By Fabi R. Gomes | June 3rd, 2019
A 1031 exchange gets its name from Section 1031 of the U.S. Internal Revenue Code, which allows an investor to prevent paying capital gains taxes when selling a property and to re-invest the proceeds from the sale, within certain time limits, in one or more properties of equal or greater value.
Under Section 1031, earnings received from the sale of a property remain taxable. For that reason, proceeds from the sale must be transferred to a qualified intermediary (a person or company with no formal relationship with the parties involved that agrees to facilitate the 1031 exchange by holding the funds) who then transfers the funds to the seller of the replacement property or properties. In effect, you can change the form of your investment without recognizing a capital gain, thus allowing your investment to continue to grow tax-deferred. There is no limit on how many times or how frequently you can do a 1031 exchange. If you own a business and are thinking of investing in another, you might also want to consider a 1031 exchange. However, the provision is only for investment and business property, so exchanging a primary residence for another home is not eligible for these benefits.
A 1031 exchange has two crucial, non-negotiable, and non-extendable deadlines: Within 45 days of the sale of your property, you must nominate a replacement property in writing to the intermediary, identifying the property you wish to acquire. The second timing rule pertains to closing: you must close on the new property within 180 days of the sale of the old.
Expenses and fees impact the value of the transaction and therefore the potential boot—the difference in value between a property and the one being exchanged—as well. Some expenses that can be paid with exchange funds include broker’s commission, qualified intermediary fees, filing fees, related attorney’s fees, title insurance premiums, related tax adviser fees, finder fees, and escrow fees. Expenses that cannot be paid with exchange funds include financing fees, property taxes, repair or maintenance costs, and insurance premiums.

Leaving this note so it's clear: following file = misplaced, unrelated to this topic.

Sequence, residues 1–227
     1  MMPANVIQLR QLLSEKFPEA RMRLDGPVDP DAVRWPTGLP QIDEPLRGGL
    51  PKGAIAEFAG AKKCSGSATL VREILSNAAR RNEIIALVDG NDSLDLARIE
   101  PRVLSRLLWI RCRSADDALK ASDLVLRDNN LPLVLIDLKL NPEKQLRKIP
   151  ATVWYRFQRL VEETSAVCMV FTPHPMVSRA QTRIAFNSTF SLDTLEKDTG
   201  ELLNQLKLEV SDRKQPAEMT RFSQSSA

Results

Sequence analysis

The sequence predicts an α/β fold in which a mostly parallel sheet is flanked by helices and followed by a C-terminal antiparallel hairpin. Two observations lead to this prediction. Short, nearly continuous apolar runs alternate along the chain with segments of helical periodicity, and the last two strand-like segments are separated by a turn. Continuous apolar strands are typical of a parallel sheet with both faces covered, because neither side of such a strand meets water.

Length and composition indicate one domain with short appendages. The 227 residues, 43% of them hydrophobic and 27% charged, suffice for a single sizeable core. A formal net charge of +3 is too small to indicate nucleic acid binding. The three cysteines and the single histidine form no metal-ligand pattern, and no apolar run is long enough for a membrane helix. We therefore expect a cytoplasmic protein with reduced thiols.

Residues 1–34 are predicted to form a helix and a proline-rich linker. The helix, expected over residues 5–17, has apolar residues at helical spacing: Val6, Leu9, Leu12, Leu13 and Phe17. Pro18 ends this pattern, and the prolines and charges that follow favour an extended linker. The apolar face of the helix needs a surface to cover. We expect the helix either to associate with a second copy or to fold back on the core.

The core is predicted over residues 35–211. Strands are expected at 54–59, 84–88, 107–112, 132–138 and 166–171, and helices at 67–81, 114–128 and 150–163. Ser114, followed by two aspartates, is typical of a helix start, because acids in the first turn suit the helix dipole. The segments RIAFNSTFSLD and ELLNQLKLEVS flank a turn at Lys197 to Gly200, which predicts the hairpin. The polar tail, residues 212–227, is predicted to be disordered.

Understanding the 1031 exchange process is critical for your investment. Always consult a professional before making any major decisions with your investment properties. Our CBHarper agents have relationships with any third-party experts you may need during your transaction, from contractors to financial advisors. Contact us now if you have any questions regarding the 1031 exchange process.
Coldwell Banker D’Ann Harper, REALTORS® can be reached at (210) 483-7581 or firstname.lastname@example.org and has been an affiliate of the Coldwell Banker franchise system for over 30 years.
All data and information provided on this blog is for informational purposes only and shouldn’t be seen as legal advice at any point. Any facts provided on blog.cbharper.com is accurate and true to the best of the author’s knowledge and it makes no representations as to completeness, suitability, or validity. All information is provided to author on an upper management approval basis. Coldwell Banker D’Ann Harper, REALTORS® and its employees will not be liable for any errors, omissions, or delays in this information or any losses, injuries, or damages arising from its display or use. Author may keep updating old posts on a regular basis and is not bound to explicitly state all corrections made. The opinions expressed by those providing comments to the posts are theirs alone, and do not reflect the opinions of the company or any employee thereof.